Hong Kong might not be able to avoid a financial crisis this year or next despite possible stimulus packages to shore up its faltering economy amid violent protests across the city. This has led to a rapid decline in tourism, forcing major hotel chains in the city to substantially slash room prices.
Yiu Si-wing, a Hong Kong lawmaker representing the tourism industry, told Bloomberg that hotel revenue is expected to crash 50% this month thanks to escalating protests. She said visits from mainland China account for 80% of arrivals are significantly lower due to social unrest.
Yiu said hotel occupancy rates averaged 90% in 1H19, could drop by as much as 33% or more in 2H19. Arrivals from the mainland to Hong Kong, a significant source of consumption for the city, could grind to a halt.
"The impact on tourism is huge," Yiu told Bloomberg. She said at least half of the mainland visitors due in August had canceled their plans. Yiu said top-trending topics on Chinese social media platform Weibo this week included several incidents of where violent protestors attacked government forces.
Some mainland Chinese are shunning Hong Kong because of the risks associated with its airport being closed down for an extended period of time.
Grace Huang, a 20-year-old Wuhan University student, told Bloomberg her layover at Hong Kong International Airport was horrifying earlier this week. "I fear I'm going to be beaten," she told Bloomberg, as thousands of protestors successfully locked down the airport for several days.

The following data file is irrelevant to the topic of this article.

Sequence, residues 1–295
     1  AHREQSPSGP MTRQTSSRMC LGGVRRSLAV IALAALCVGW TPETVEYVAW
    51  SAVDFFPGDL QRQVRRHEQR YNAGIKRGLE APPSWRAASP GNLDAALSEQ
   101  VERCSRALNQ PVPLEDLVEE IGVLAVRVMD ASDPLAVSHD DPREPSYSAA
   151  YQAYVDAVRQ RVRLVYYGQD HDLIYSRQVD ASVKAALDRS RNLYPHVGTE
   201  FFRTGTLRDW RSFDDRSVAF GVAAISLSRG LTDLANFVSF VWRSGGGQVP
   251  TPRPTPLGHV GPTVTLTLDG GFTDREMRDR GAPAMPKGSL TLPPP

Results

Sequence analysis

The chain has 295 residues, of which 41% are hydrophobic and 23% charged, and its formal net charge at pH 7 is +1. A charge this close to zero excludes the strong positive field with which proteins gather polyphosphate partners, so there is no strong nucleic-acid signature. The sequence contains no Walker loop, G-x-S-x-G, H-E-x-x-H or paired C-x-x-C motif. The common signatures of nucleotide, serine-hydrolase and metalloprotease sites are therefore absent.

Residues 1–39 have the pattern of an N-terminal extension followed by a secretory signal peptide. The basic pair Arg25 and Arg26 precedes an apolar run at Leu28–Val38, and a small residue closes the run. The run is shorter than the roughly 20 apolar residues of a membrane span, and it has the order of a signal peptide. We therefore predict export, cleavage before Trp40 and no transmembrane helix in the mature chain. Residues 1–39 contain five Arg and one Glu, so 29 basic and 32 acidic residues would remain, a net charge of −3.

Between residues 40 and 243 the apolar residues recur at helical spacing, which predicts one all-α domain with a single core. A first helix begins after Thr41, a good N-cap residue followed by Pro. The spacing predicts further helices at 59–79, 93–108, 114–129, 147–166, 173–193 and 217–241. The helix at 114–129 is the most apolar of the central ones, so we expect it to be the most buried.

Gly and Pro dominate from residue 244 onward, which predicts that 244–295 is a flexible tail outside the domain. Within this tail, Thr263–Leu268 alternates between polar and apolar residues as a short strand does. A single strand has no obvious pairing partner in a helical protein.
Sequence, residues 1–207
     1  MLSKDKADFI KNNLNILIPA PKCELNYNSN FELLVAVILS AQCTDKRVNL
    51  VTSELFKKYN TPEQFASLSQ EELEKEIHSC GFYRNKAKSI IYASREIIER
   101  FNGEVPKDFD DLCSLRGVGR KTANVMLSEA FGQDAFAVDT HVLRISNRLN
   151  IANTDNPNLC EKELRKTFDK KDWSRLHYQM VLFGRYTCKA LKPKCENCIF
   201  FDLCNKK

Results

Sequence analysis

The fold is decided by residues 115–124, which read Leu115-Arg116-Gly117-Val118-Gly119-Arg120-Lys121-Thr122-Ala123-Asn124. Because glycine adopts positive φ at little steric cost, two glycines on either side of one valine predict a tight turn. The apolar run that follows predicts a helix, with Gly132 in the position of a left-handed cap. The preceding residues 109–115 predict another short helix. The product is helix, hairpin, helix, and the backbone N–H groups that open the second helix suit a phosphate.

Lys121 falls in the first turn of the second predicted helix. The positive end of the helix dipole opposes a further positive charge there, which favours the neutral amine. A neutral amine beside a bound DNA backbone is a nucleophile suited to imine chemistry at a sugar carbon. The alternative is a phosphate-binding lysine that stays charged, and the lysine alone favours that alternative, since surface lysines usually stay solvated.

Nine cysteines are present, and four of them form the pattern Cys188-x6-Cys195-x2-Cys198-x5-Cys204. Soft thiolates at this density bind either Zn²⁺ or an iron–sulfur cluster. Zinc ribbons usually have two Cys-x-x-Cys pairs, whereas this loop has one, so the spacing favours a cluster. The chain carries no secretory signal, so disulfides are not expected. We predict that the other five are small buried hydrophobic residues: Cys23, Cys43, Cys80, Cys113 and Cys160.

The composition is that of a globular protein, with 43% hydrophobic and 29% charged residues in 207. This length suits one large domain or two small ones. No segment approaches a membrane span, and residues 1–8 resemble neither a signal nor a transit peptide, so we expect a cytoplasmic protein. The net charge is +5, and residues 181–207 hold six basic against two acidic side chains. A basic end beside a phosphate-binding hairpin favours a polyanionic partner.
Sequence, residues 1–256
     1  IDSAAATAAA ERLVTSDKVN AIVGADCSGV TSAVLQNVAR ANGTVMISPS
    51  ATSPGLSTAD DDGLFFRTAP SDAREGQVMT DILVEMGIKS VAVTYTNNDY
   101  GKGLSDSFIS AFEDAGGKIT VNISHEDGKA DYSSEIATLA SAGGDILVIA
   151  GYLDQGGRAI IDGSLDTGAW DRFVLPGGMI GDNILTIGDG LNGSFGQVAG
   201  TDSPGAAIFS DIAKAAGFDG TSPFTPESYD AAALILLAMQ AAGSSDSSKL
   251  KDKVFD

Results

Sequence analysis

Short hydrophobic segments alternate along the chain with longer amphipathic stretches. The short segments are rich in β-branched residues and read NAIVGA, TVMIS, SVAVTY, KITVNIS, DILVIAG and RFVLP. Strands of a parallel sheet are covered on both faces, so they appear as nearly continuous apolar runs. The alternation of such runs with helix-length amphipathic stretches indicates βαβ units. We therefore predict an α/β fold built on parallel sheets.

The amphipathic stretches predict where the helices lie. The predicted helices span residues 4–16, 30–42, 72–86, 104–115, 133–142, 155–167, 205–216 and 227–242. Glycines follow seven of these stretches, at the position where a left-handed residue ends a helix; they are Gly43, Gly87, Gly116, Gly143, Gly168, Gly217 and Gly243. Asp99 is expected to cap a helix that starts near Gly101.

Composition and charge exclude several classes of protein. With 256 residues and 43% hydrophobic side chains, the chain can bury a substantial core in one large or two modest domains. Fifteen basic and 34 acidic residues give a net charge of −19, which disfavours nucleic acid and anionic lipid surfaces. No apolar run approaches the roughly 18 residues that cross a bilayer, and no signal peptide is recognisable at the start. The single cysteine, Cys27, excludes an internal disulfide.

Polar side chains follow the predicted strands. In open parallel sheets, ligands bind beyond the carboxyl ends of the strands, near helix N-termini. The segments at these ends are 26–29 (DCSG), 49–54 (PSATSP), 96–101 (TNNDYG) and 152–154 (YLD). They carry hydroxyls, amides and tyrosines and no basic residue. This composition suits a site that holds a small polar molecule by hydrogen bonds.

Beijing resident Jasmine Ji, 23, delayed her trip to Hong Kong because she feels protestors would target her for being a Chinese citizen.
"I feel like my personal safety could be severely threatened if they find out I speak Mandarin or am a Chinese citizen," she said. "I won't fly to Hong Kong airport until the situation and protests are settled there."
Chinese officials and state-run media outlets launched an information war against the protestors, describing them as violent extremists.
Hong Kong officials have suggested a recession could be imminent due to social unrest.
Hong Kong Financial Secretary Paul Chan Mo-po on Thursday announced a $2.43 billion stimulus package to shore up the economy during the social and economic turmoil.
Paul warned that a possible recession could be imminent:
"The situation we are in now is like the typhoon No 3 signal has been hoisted and the typhoon is heading towards us," he said. "We need to get prepared before it gets worse."
Paul downgraded Hong Kong's GDP growth forecast for the year to 0 to 1%, from 2 to 3% previously.
He said the city could slide into a technical recession in the current quarter.
InterContinental Hotels Group Plc, a British multinational hospitality company that owns Crowne Plaza and Holiday Inn chains, said the protests in the last several months have contributed to a slowdown in business travel in the region.
Other hospitality companies with exposure to Hong Kong are also feeling the pinch: Sun Hung Kai Properties, owner of Four Seasons Hotel Hong Kong, and New World Development Co., which operates the Grand Hyatt Hong Kong, have seen their stocks enter bear markets in the last month.
Yiu said the downturn in Hong Kong hospitality industry had forced many hotels to slash their room rates by substantial amounts.
A typical room at Conrad Hotel, owned by Hilton Worldwide, is $159 per night this weekend, that's a 40% discount versus two months ago.
Marriott International Inc. and Shangri-La Asia Ltd. have also cut room rates for their Hong Kong hotels.
Hong Kong could be the first domino to fall that kicks off the next global recession.